“ won THY MR. LINTOT,

“YOU and all the neighbours know too well the “frenzy, with which my poor man is visited. I never ‘perceived he was out of himself, till that melancholy day, that he thought he was poisoned in a glass of “sack ; upon this he ran vomiting all over the house, “nay, in the new-washed dining-room. Alas! this “is the greatest adversity, that ever befel my poor “man, since he lost one testicle at school by the bite “ of a black boar. Good Lord! if he should die, “ where should I dispose of the stock unless Mr. “Pemberton or you would help a distressed widow : “for God knows, he never published any books that “lasted above a week, so that if we wanted daily “books, we wanted daily bread. I can write no “more, for I hear the rap of Mr. Curll's ivory-headed “cane upon the counter.——Pray recommend me to “your pastrycook, who furnishes you yearly with “tarts in exchange for your paper, for Mr. Curll has “disobliged ours since his fits came upon him;“before that, we generally lived upon baked meats.-“He is coming in, and I have but just time to put “his son out of the way, for fear of mischief: so “wishing you a merry Easter, I remain your

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“P. S. As to the report of my poor husband's “stealing o'calf, it is really groundless, for he always

“binds in sheep.” But But return we to Mr. Curll, who all Wednesday continued outrageously mad. On Thursday he had a lucid interval, that enabled him to send a general summons to all his authors. There was but one porter, who could perform this office, to whom he gave the following bill of directions, where to find them. This bill, together with Mrs. Curll's original letter, lie at Mr. Lintot's shop to be perused by the Cllr1OllS.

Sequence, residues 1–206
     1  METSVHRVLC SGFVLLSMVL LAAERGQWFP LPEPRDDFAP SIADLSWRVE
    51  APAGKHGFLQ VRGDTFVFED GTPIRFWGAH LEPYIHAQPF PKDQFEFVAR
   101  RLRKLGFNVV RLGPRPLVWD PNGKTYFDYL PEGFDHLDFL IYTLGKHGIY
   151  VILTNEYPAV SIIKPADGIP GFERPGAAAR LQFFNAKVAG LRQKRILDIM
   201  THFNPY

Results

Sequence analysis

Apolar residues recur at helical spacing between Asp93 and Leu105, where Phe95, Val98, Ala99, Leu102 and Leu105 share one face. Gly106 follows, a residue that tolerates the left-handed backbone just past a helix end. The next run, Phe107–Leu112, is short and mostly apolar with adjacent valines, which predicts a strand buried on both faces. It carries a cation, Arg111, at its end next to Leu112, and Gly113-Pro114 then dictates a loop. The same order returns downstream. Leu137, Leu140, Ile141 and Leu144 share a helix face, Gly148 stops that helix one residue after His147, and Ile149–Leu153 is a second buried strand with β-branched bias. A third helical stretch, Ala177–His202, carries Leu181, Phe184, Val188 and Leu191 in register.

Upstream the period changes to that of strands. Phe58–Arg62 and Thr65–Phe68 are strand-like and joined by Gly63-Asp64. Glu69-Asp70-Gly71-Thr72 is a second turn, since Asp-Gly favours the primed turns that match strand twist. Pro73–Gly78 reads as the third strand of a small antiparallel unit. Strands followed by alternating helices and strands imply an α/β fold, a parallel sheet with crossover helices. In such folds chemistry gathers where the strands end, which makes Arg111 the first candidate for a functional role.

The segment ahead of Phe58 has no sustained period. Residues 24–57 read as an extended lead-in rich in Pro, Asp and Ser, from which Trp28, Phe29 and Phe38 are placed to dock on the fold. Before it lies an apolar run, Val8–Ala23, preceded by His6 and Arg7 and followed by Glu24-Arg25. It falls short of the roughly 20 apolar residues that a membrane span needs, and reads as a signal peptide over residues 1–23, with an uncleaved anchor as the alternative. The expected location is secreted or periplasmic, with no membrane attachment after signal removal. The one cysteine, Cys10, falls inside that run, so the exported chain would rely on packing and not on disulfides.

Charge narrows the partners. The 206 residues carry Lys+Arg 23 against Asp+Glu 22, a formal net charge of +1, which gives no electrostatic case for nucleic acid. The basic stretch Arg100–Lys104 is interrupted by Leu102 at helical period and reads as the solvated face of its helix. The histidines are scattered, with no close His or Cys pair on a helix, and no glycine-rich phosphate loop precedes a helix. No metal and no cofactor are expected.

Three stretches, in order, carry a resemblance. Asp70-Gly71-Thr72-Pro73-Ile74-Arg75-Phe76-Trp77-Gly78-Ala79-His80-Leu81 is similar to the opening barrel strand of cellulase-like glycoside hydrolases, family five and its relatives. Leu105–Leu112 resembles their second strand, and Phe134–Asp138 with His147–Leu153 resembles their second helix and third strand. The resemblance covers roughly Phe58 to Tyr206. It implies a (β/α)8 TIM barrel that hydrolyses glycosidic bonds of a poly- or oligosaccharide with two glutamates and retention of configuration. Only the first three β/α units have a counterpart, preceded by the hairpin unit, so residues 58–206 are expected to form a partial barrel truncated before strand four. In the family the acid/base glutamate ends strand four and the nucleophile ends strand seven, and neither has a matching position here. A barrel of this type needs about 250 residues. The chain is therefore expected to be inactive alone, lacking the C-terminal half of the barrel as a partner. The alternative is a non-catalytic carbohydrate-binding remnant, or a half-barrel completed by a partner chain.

Instructions to a Porter how to find Mr. CURLL's Authors.

“AT a tallow-chandler's in Petty France, half way “ under the blind arch : ask for the historian. “At the Bedstead and Bolster, a musick-house in “Moorfields, two translators in a bed together. “At the Hercules and Still in Vinegar yard, a “schoolmaster with carbuncles on his nose. “At a blacksmith's shop in the Friers, a pindarick “writer in red stockings. “In the Calendar-mill-room at Exeter-change, a “ composer of meditations. “At the three Tobacco-pipes in Dog and Bitch “ yard, one that has been a parson, he wears a blue “camblet coat trimmed with black: my best writer “ against revealed religion. “At Mr. Summers, a thief-catcher's, in Lewkner's “lane, the man who wrote against the impiety of “Mr. Rowe's plays. “At the Farthing-pye-house in Tooting fields, “ the young man, who is writing my new pastorals. “At the laundress's, at the Hole in the Wall in

“Cursitor's alley, up three pair of stairs, the author of